TAPPER: So that was a court-ruled, legally protected speech, by Elon Musk. But that does not make it right, which is the area, in which we find ourselves in this debate. None of Musk's bizarre and offensive tweets have met the bar, for removal, from Twitter. After all, that's the rub. What is the bar? And who decides?

Facebook's own ad seems to acknowledge that they're not equipped to make these calls.


JACK (ph), FACEBOOK CONTENT TEAM: I don't know if that is right to have a private corporation like Facebook, dictating what those boundaries are.


TAPPER: One of the reasons, we're even having this discussion, is that social media companies have really mainly since the pandemic began, put their hand, on the lever, and sometimes messed up.

Take for example, the idea that COVID possibly came, from a lab accident, or a lab leak? Even credible scientists started saying that that was something the medical community should be investigating. But regardless, Facebook flagged those posts, as false or debunked.

Facebook attached fact-check warnings, to any posts, questioning the idea of whether or not the virus had originated in a wet market, until, until the Biden administration said that they were going to investigate it. And then, the ban was lifted.

A similar story, when just before the 2020 election, the "New York Post" started reporting that the FBI, had obtained a laptop, belonging to Joe Biden's son, Hunter Biden, containing all sorts of hideous material. Facebook and Twitter, took steps, to bottle up that reporting, and keep the "Post's" stories, from being shared.


MARK ZUCKERBERG, META CEO: The FBI, I think basically came to us, some folks on our team. It was like, "Hey, just so you know, like you should be on high alert."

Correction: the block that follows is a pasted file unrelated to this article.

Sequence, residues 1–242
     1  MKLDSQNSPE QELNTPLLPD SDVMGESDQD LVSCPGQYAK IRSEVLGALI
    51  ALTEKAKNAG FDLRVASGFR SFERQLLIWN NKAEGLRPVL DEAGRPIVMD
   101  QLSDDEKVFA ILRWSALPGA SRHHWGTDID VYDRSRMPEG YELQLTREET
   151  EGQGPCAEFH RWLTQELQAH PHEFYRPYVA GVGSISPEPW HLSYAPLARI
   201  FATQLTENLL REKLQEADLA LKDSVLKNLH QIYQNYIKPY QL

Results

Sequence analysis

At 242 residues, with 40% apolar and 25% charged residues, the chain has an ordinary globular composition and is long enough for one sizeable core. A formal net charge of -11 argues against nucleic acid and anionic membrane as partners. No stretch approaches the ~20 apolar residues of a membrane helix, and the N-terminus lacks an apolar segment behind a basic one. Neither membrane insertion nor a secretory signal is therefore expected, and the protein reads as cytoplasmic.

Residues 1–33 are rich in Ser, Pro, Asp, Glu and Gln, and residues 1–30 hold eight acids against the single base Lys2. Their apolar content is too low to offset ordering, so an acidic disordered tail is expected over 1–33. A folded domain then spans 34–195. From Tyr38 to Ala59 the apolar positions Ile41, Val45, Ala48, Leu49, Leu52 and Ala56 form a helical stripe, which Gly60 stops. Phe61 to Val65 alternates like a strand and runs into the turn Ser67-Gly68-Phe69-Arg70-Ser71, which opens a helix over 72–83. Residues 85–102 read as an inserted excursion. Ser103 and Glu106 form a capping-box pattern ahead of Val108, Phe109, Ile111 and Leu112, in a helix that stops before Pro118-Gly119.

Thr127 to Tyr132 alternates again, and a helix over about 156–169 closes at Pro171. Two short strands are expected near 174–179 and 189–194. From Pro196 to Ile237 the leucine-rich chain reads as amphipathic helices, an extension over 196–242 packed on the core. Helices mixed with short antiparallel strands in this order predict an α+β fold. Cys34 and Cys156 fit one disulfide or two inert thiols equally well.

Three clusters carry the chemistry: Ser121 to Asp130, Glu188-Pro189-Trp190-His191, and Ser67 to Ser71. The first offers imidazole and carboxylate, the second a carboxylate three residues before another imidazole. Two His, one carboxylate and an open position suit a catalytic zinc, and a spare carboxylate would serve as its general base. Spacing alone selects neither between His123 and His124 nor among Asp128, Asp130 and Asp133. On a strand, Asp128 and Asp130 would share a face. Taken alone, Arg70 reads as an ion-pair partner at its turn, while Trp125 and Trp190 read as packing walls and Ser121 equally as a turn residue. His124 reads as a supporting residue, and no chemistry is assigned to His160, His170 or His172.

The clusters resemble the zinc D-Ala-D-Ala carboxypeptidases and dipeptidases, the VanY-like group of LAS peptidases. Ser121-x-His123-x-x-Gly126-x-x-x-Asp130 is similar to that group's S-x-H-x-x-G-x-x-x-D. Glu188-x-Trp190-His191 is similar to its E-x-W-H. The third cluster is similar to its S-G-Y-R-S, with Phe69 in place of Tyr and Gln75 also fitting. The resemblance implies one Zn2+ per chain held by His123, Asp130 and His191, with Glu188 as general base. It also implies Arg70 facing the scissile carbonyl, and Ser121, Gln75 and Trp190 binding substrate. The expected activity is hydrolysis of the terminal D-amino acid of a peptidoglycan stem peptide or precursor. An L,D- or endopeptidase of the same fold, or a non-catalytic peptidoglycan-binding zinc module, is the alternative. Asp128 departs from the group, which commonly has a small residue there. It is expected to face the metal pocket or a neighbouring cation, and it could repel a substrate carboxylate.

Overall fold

(END VIDEO CLIP) TAPPER: But now we know that other media organizations, including the "Washington Post," have authenticated some of the emails, on the laptop, and that there is a federal investigation, going on, right now, into Hunter Biden. These kinds of decisions are part of what is fueling any push, for alternate social media, what is being billed by these other companies, as free speech.

But we should note, Parler does have standards. Parler does moderate content. That might not be a lot of moderating, and they're not particularly high standards. But Parler removed, for example, unhinged attorney, Lin Wood's post, when he called for the execution of former Vice President Mike Pence.

Trump's Truth Social company, according to Public Citizen, blocked some content that promotes abortion rights. Variety reported that a number of Truth Social users, Democrats, were blocked, from posting about the January 6 hearings.

So, all of these sites, have some standards, not high ones. But they ain't pure, free speech sites. That claim is more about marketing, than it is about the principle of pure, free speech.